Another distinguished Syrian artist was Louay Kayali (1934 – 1978) from Aleppo, who won the second prize of the 1955 annual art exhibition at the University of Damascus. In 1956, the Syrian Ministry of Education sent Kayali to study at the Academy of Fine Arts in Florence, Italy, after he won another competition by the ministry. In Italy, Kayali won the first prize of the Italian-Arabic Relations Center's Sicilia competition, and other prizes like the 1959 Ravenna competition's gold medal for foreigners.

Theater:

The first Arabic theater house was established in Damascus by the Syrian and Arabic theater pioneer, Ahmad Abou Khalil Qabbani, in 1871. Accusations of "corrupting women and children and spreading prostitution and lechery" made the Ottoman Sultan Abdul Hamid close this theater in 1884; the house was then burned, forcing Qabbani to emigrate to Egypt.

The second rise of Syrian theater relates to Abdul Wahab Aboul Suud, who founded his group in Damascus in 1912. Suud was an actor, writer and director. Al-Arnaout, a writer and translator, also became famous when he wrote the play "Djemal Pasha the Slayer".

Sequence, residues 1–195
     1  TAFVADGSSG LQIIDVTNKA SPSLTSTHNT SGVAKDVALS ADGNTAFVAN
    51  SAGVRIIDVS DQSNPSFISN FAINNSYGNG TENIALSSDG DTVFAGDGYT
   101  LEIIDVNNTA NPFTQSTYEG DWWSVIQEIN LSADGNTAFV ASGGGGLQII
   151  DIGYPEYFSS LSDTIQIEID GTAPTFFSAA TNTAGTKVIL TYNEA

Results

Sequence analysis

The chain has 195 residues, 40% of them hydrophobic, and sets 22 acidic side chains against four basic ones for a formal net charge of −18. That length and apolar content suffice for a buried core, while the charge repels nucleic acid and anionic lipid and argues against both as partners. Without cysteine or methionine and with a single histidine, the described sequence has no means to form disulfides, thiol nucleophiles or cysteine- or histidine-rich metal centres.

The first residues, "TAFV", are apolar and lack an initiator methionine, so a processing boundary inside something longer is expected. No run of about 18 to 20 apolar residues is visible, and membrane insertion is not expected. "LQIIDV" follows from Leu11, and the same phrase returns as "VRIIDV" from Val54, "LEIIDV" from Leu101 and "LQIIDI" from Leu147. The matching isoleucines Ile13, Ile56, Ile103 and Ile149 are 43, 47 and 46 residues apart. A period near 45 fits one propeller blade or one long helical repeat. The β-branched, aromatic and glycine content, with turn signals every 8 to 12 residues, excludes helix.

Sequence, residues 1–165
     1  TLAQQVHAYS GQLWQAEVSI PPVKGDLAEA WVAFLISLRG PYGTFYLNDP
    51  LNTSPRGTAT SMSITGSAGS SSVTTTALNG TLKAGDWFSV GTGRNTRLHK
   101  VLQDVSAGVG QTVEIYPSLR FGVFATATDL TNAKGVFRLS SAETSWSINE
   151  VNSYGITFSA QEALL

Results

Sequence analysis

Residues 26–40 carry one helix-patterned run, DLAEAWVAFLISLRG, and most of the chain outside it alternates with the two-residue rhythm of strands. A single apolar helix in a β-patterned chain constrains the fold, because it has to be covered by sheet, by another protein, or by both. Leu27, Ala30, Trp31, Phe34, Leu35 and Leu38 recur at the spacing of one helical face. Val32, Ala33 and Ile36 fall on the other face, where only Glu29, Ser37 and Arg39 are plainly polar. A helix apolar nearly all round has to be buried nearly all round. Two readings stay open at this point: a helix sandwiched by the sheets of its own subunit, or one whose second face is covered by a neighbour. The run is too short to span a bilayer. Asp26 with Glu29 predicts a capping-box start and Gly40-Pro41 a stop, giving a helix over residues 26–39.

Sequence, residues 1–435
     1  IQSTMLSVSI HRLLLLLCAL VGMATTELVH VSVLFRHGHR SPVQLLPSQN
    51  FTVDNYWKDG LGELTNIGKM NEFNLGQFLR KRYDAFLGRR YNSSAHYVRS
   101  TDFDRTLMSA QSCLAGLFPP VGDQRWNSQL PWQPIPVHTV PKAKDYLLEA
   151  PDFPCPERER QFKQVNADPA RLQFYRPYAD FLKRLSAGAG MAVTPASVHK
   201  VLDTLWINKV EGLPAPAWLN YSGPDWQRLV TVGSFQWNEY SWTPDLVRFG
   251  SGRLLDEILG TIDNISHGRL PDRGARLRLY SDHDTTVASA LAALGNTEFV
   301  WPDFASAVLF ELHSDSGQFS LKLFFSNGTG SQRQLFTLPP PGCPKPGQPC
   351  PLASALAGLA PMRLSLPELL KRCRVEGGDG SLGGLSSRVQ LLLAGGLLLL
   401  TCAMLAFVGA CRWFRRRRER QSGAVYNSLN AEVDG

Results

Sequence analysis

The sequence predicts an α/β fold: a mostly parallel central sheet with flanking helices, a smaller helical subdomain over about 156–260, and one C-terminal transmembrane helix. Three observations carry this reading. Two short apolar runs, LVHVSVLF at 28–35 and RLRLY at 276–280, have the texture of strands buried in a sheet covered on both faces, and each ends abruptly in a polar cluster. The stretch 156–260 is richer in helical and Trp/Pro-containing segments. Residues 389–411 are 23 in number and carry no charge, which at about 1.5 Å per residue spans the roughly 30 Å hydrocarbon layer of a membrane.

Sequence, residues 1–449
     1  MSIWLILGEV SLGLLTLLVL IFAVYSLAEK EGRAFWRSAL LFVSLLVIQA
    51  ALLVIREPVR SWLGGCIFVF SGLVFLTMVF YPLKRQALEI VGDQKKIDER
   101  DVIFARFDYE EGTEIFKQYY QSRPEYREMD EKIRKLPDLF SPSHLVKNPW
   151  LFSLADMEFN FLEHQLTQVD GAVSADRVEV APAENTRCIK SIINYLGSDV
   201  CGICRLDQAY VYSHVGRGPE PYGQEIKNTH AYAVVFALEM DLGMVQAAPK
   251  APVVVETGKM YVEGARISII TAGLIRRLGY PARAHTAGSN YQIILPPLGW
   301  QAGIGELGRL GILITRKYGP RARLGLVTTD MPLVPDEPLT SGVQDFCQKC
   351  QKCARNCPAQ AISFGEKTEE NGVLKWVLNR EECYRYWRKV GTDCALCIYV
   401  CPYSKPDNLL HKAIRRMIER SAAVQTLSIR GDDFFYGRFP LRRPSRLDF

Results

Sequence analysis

Theater activity stopped during the great Syrian Revolution, but resumed with the revolution's end in 1928. A new generation of young men with new ideas and aims pushed the theater in another direction. Touches of realism that began to appear in theater acting, speech and stage setting attracted a wide audience in most of the Syrian cities. Civil, public and foreign schools began to teach acting, and women's associations took an interest in theater. The Classical Arabic language was adopted in all the serious theater performances, although this new theater era avoided political confrontation.

Syrian theater stayed that way until the establishment of the Intellect and Art Forum, supervised by Dr. Rafiq al-Sabban, in 1959. The forum included all the major cultural and artistic figures of that time. In 1960, the Ministry of Culture established the National Theater Group, which gathered members of the private theater groups, clubs and associations, such as Abdul Latif Fathi and Saadul Din Baqdounes, to create the cornerstone of a new, government-financed and guided theater.

One of the most distinguished Syrian theater figures is Fawaz al-Sajer, who founded an experimental theater group with Sadallah Wannous in 1977. The group produced several plays, most famous of which is Brecht's "Turandot" or "The Whitewashers' Congress," which Hafez al-Assad's government banned.

As a result of political and social change in Syria, an economic distress that hit the Middle East in the 1980s, and the rise of the Syrian TV drama, the role of theater declined and a large number of actors, writers and directors moved to work in TV, which provided fast economic prosperity and fame.